What You Should Know about a Post-Settlement Occupancy Agreement

Post-Settlement OccupancyWhen you find a home you are excited to buy, but the sellers are requesting a post-settlement occupancy agreement, what should you do? We've outlined what this condition in the contract means and how to determine if it's going to work for you below. 

To find out more about homes for sale in Texas Hill Country or finding your ideal property near Horseshoe Bay, let us know how we can help by contacting us any time!

What is a post-settlement occupancy agreement?

In some real estate transactions, the seller will request an agreement with the buyer that they can remain in the home after closing, occupying the home and moving out at an agreed upon date after the transaction is complete. This post-settlement occupancy agreement between buyer and seller outlines the amount of time the sellers can remain in the home (generally under 60 days) and the occupancy charge. The cost is generally equal to the PITI (mortgage principal, interest, taxes and, insurance) for the time of the occupancy agreement and is deducted from the seller's proceeds at closing. 

Why would a post-settlement occupancy agreement benefit the buyer and seller?

There are many reasons a seller might request a post-settlement occupancy agreement, including:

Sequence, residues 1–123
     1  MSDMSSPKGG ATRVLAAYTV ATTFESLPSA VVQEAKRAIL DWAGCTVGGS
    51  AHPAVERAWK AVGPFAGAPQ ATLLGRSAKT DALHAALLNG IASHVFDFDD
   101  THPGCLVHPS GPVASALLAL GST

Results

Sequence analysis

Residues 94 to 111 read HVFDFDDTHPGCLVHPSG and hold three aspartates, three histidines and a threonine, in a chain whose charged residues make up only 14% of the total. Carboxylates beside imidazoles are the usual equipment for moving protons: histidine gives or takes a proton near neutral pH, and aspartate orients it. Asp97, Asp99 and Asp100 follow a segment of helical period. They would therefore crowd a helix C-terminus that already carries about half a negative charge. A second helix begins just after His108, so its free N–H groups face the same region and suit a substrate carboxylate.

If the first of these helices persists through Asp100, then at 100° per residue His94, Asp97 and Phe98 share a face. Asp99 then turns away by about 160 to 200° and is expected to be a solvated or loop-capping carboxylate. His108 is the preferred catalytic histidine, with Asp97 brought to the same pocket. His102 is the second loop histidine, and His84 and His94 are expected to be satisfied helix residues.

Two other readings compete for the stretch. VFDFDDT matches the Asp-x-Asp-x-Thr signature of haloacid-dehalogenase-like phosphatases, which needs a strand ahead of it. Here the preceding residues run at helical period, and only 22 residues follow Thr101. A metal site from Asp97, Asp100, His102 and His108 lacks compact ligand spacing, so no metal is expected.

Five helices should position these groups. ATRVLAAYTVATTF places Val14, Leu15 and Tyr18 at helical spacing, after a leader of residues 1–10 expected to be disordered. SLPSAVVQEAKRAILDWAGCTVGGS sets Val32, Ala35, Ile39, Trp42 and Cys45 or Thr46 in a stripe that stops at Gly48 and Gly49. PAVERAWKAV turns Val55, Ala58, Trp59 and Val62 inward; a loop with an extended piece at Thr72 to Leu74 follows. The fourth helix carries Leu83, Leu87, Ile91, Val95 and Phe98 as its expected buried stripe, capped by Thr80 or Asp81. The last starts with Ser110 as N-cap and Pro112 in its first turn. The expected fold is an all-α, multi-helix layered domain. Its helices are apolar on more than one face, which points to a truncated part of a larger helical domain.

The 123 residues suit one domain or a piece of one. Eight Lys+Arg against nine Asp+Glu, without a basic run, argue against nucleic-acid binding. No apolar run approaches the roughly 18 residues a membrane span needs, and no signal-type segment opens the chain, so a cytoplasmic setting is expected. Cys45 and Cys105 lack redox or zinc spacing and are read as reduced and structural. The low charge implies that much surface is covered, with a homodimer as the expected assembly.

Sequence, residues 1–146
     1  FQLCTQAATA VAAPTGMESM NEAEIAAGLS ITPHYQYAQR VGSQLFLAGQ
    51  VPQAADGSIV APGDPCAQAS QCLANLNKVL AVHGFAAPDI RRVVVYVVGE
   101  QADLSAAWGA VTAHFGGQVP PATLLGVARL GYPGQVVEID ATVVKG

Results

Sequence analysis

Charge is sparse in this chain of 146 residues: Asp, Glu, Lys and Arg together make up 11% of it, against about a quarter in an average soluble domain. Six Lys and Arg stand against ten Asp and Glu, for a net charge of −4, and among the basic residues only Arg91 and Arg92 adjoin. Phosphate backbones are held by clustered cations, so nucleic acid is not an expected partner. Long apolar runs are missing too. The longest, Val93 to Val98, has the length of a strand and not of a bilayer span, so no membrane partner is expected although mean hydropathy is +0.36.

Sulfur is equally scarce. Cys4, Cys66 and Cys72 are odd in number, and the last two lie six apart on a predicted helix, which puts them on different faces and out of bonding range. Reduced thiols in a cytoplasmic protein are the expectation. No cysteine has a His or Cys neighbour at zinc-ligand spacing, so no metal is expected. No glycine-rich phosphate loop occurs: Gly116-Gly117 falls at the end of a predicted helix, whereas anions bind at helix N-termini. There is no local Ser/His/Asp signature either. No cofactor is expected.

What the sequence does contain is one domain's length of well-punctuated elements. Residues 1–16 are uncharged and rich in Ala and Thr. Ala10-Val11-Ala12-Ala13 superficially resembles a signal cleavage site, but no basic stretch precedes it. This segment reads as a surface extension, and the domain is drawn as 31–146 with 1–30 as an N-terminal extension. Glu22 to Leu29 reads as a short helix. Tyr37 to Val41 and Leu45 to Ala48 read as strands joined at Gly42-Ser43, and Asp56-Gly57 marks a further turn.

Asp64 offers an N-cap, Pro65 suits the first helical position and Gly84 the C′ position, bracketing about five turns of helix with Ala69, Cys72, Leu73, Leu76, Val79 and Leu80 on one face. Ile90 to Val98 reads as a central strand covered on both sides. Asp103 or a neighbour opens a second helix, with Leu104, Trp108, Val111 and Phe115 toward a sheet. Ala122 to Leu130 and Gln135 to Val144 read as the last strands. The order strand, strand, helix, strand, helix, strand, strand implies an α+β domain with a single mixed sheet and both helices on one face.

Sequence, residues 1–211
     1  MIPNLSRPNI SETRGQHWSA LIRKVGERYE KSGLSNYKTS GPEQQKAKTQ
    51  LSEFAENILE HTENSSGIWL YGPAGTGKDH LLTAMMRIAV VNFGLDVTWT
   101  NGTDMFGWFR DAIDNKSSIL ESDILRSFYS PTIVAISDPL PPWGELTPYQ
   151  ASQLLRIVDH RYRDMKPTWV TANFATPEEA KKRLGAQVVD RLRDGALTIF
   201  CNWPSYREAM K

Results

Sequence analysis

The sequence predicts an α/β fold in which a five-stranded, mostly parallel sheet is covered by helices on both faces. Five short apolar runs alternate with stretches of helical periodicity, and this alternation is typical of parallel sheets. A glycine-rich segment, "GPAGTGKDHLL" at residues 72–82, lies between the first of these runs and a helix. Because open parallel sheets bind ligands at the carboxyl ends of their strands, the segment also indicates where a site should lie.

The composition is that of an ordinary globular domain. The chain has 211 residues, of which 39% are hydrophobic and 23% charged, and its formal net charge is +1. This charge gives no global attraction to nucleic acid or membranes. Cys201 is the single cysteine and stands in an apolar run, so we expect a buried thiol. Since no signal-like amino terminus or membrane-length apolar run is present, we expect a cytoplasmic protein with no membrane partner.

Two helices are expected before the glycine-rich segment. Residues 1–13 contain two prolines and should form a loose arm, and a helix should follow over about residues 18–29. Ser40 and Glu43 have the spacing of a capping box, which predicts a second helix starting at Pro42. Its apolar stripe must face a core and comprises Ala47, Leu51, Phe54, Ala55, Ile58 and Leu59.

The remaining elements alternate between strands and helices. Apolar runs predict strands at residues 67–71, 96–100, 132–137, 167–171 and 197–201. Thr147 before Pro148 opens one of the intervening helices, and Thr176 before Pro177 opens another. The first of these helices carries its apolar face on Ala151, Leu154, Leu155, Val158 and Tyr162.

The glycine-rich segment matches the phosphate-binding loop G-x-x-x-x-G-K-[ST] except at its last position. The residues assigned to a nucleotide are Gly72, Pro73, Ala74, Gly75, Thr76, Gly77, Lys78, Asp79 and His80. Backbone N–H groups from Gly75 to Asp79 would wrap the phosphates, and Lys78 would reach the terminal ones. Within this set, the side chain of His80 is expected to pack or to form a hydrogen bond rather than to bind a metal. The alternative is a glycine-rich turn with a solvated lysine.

• The house sold more quickly than expected and they would like to avoid finding temporary housing
  • The sellers are experience delays with the home they are renovating and moving into 
  • The deal for the home the sellers were planning to buy and move into fell through

In these and other scenarios, a seller might benefit from continuing to live in their home after selling it for a short period of time. 

Buyers might also benefit from a post-settlement occupancy agreement, in situations where they do not need to or want to move in immediately. If your seller is willing to cover the PITI for the property for a month or two, this may allow you the time to prepare for a move, get renovation plans in order, or sell your current home without paying two mortgages simultaneously.

What is the difference between a post-settlement occupancy agreement and a lease?

While in effect a post-settlement occupancy agreement looks a lot like renting a home, the relationship between buyer and seller in this scenario is very different from landlord and tenant. 

A seller is responsible to hand the home over in the condition it was in at closing, unlike a renter who may lose their deposit but is not ultimately responsible for the home. A security deposit from the seller will be held by a third party without interest, only released if the seller meets the conditions listed in the agreement. 

The buyer is allowed to enter the property during the post-settlement occupancy period, with an expectation that they will be respectful of the sellers during this time by only making "reasonable requests." For example, entering the home to measure or allow contractors to get quotes for a renovation during business hours would be considered a reasonable request, while asking to enter the home late at night to show it to friends would not. 

In some cases, there may be a stressful conflict between sellers, who have a right to privacy, and buyers, who have a right to their property. While this is generally something that can be worked out, keep in mind that this is a challenge you may face in this scenario.

The key to making sure a post-settlement occupancy agreement will work for you is carefully reviewing the fine print with your trusted team of real estate professionals. To learn more about finding the ideal property for you in Texas Hill Country, contact us any time.

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